BACKLIST

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“The List 6- 19 December 1991

CHRISTMAS BOOK SPECIAL

_ laughing matter

Sue Wilson takes a solemn look at the year’s crop ol humour titles.

Humour books tend to be the last reluge oi the present-buyer, but there are a lew new ones which should keep you chuckling alter the seasonal cheer is over. Well ahead oi the pack is Thirty Years at Private Eye Cartoons 1961—1991 (Private Eye/Corgi £4.99) a worthy tribute to three decades oi Lord Gnome, and one oi the lew humour titles to have me repeatedly weeping with laughter. In contrast to its diversity, Graham Rawle’s collection at photomontage-cartoons Lost Consonants (Fourth Estate £6.99) may rely on the one joke, but it’s a hilariously lertlle one, with surreally literal illustrations tor the likes oi ‘a keen gardener watering his pants’, ‘victims oi rug addiction’ and ‘Andrew Lloyd-Webber writing another hit musical’.

Fellow Guardian contributors Chris Garratt and Mick Kidd have produced Another Bill Exclusive (Methuen £7.99), more at their occasionally ilabby but oiten wickedly perspicacious cartoon collages of modem petty-bourgeois living. For buckets oi gleeiul vitriol and manically inspired flights oi lancy, Steve Bell still takes some beating; his new compendium Funny Old World (Methuen £9.99), co-authored by BogerWoddis, records the last years at Thatcher and Reagan and the ilrst months at the new regimes with typically incisive exuberance.

Ivor Cutler’s brand oi wit and wisdom is not so much oil-beat as moving to a diiierent rhythm entirely, and in his lilth collection Fly Sandwich (Methuen

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£9.99), he’s in characteristically mind-expanding iorm (‘A ily crouching in a/ sandwich cannot/ comprehend why it/ has become more/ than ordinarily/ vulnerable’). His gravely ludicrous poetry is once again evocativer illustrated by Martin Honeysett.

Heeding the reliable maxim that truth is stranger (and iunnier) than liction, Tom Shields’ Diary (Mainstream £6.99) collects twelve years oi prolessional loible-watching by the Glasgow Herald columnist. The rich pattern oi Scottish lite provides a plethora oi material, such as colouriul insults (‘a lace like a melted wellie’) or overheard exchanges (‘llow's your man?’ asks Betty. ‘Died— last Wednesday,’ replies Sadie. ‘Away tae hell,’ says Betty, shocked by this sad news. ‘Aye,’ says Sadie, ‘last Wednesday.’) There’s also a liberal sprinkling oi illustrations, mostly unwittingly hilarious signs or notices, like the Ho Lee Fook Chinese restaurant, and a small ad reading ‘For sale, gravestone. Would suit lamin called McCalieriy.’ Occasionally a wee bit too sell-satisfied, but providing plenty ol belly-laughs in compensation.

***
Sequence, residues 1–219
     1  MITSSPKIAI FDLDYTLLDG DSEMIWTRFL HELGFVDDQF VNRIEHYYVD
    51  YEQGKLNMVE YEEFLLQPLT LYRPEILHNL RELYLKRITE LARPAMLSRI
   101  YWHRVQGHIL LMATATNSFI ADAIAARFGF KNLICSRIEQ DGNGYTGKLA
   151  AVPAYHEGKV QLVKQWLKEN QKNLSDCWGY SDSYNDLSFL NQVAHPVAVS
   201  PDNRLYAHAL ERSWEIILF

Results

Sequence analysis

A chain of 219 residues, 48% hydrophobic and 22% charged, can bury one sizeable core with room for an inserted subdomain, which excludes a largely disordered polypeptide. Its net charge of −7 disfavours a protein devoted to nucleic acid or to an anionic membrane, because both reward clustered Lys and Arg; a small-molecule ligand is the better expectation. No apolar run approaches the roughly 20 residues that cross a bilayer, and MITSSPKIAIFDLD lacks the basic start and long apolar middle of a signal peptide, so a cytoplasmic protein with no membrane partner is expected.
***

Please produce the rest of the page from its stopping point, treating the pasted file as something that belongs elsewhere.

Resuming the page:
EVENTS

Glasgow

I William Mcllvanney Castlemilk Library. 100 Castlemilk Drive, 041 634 2006.

Mon 9. 7.30pm. Free. The acclaimed and popular Glasgow novelist will be reading from a selection of his work.

I Open World Poetics Dow‘s Lounge (upstairs), by Queen Street Station, info 041 959 6033. Tue 10. 7.30pm. Free. An all-welcome discussion on ‘Kenneth White and the poetry of perception‘. introduced by Tony McManus.

Edinburgh

I Women’s Writing City Chambers, High Street. info 226 3851. Sat 7 10.30am—5.30pm and Sun 8 11am—4pm. £9/£2 per session. A day conference organised jointly by the Open University in Scotland, Scottish literary magazine Chapman and the Edinburgh University English Literature department. The event features talks on a range ofthemes. including ethnicity in women‘s writing and gender and language. with workshops on fiction. writing for children, poetry and drama. Speakers include international writers (Canada's Joan Clark. Kenya‘s Micere Mugo) along with home-grown

talents (Rona Munro. Joy liendry.Tessa Ransford). There is also a reading at the Traverse Studio on the Saturday evening. I George Mackay Brown’s 70th Birthday Queen‘s llall. Clerk Street. 668 2019. Sun 8. 7.45. £6.50 (£2). A celebration organised by Edinburgh Contemporary Arts Trust for the grand old man of Scottish literature. with readings ofhis work by fellow Orcadians and an appreciation by Stewart Conn. The musical part of the evening features works by Orkney-based composer Sir Peter Maxwell Davies for soprano. guitar and fiddle. I Andrew Yule and Maidie MurrayJamcs Thin. 53—59 South Bridge. 556 6743. Wed 11.7pm. Free. A chance to rsminisce about legendary Scottish comic Chic Murray with his widow and the author of the latest collection of his wisdom The Best Way To Laugh (Corgi £4.99). I Michael Holroyd James Thin. 53—59 South Bridge, 556 6743. Thurs 12. 7pm. Free. The acclaimed Bernard Shaw biographer will be talking about and signing copies of his three-volume work, The Search For Love. The Pursuit of Power and The Lure ofFamrLsy (all Chatto and Windus. vols l and II £18.99. vollll £21 . boxed set £50; vols 1 & ll alsoin Penguin £7.99 each).